Dark Mountain 12: Sanctum
Back in the summer I made reference to a couple of projects I was working on but of which I could say no more at the time. Thankfully one of those projects is now about to see light of day, as the Dark Mountain project are publishing the 12th volume of their Dark Mountain journal. Entitled ‘Sanctum’, this collection of writings explores ideas of the ‘sacred’ in the dawning of the Anthropocene, (though one contributor – John Michael Greer – offers an alternative term – ‘Cthulhucene’ – that I like) where there’s no shortage of evidence for sacrilege but a marked dearth of it’s opposite. It’s a concept I have approached several times in my art, and consider it one of the common themes running through everything I do, so when I saw the initial call-out for artist contributions I did not hesitate in presenting some prime examples from my back-catalogue – principally this painting, ‘The Passion’ from 2015:
I was asked to initially produce 3 images each for two pieces of text, but after turning my finished work in so quickly I was invited to work on a third text. Each writer came at the subject of the ‘sacred’ from very different perspectives, but as I read through the texts and made notes, images rose up in my imagination that had echoes across all of them. The art editor for the project, Thomas Keyes, offered an interesting challenge to the contributing artists – to produce their work on pieces of vellum (or parchment), made from prepared animal skins. a practice that goes back centuries but was most notably used in key religious texts and learned texts from the Medieval period. Compounding the challenge was the demand that each image could be no more than 6cm square in size. I’m used to working on canvas panels ten times that size, but I felt my meticulous approach to fine detail would be well-applied to such a relatively small scale. Working on the vellum itself (each piece stapled to a square wooden block) was not easy, as some inks and paints simply refused to adhere to the surface, but having worked over the years on all manner of unusual materials I fell back on experience and managed to achieve the desired effects. Here’s the paintings I did for each of the three texts:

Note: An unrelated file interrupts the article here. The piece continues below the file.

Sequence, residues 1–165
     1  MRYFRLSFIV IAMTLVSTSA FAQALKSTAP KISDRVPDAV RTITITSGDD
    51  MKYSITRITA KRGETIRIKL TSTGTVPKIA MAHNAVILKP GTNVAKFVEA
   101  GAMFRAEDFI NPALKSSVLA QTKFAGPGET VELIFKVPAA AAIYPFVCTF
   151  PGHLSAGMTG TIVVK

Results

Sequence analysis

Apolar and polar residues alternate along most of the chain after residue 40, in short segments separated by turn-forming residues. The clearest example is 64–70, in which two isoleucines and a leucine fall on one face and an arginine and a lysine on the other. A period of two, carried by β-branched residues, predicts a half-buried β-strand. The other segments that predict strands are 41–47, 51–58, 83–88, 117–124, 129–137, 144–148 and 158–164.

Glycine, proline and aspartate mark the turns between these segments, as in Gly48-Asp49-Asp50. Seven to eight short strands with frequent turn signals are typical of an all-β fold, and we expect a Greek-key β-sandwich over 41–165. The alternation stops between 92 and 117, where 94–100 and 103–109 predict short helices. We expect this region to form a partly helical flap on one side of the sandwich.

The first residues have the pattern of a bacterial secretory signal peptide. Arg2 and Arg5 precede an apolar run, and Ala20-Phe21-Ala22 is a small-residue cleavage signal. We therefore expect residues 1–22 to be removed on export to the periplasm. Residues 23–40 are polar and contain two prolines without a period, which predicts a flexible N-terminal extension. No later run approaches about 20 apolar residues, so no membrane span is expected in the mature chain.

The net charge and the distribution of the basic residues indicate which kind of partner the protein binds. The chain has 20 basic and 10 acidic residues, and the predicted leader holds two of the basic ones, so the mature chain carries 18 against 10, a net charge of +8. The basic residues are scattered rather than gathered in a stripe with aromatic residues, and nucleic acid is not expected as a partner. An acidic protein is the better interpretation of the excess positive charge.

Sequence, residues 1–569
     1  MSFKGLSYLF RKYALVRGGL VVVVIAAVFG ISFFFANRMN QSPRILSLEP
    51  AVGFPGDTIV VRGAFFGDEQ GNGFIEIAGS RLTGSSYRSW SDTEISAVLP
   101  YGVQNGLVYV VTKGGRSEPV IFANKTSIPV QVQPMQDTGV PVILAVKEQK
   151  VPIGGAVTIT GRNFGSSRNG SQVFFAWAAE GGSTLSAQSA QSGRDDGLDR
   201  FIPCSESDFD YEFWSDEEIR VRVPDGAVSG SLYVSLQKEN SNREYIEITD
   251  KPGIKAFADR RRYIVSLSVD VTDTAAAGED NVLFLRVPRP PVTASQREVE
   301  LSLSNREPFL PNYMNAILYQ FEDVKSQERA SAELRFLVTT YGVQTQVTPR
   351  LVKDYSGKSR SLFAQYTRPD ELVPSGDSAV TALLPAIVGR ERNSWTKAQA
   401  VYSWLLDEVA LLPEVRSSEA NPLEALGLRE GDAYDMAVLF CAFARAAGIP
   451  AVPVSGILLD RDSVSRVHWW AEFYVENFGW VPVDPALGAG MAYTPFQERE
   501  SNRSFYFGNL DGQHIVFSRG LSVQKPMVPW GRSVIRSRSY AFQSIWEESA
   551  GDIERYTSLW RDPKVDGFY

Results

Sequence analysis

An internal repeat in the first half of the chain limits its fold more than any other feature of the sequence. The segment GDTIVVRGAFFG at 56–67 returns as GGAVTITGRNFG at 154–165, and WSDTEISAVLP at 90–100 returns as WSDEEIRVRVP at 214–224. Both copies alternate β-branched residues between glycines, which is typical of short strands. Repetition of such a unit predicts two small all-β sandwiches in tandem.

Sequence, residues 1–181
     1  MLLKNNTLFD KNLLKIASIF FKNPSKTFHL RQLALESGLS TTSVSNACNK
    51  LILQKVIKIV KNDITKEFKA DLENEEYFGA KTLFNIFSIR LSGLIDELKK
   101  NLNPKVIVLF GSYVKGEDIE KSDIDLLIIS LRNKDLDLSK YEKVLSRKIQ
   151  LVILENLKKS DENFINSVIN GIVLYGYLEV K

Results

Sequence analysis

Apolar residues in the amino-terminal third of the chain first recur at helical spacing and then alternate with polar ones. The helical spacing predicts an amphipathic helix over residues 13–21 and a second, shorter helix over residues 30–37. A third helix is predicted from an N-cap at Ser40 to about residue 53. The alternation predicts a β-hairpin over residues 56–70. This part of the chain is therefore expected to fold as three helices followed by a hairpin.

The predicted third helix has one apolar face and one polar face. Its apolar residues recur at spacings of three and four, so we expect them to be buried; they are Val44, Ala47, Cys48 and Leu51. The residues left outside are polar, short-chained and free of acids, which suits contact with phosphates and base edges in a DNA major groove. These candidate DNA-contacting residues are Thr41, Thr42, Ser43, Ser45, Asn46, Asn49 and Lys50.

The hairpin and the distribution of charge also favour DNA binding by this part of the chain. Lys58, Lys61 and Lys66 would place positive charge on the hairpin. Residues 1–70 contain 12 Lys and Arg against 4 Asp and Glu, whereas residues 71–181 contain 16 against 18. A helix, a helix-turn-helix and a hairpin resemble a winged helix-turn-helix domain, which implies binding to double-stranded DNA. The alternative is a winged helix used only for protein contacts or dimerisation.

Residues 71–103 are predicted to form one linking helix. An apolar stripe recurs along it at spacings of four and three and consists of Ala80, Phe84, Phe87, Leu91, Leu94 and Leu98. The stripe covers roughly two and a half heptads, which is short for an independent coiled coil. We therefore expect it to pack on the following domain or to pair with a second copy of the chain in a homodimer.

From The Darkness (Sara Jolena Wolcott):
Between Home And Hell (James Nowak):
The God-Shaped Hole (Elizabeth Slade):
This was a really interesting project that I was pleased to be a part of, and it’s good to see your work reproduced to such a high standard in what is a very handsome and thought-provoking volume. The book is hard-cover, slightly smaller than A4 scale, printed on a thick rich-quality stock upon which the printed images (reproduced at actual size) look crisp and strong. Respect is due to those at Bracketpress for doing such an outstanding job on the book’s production. Dark Mountain continues to be one of the most interesting ventures of recent times and their dedication to presenting these ideas and images in such a pristine form is a testament to their collective commitment to a vision that’s worth expressing. They’ve followed the Blakean approach of unapologetically stating: “This is important, because we say it is”. And it is.
Copies of the book can be ordered direct from Dark Mountain here.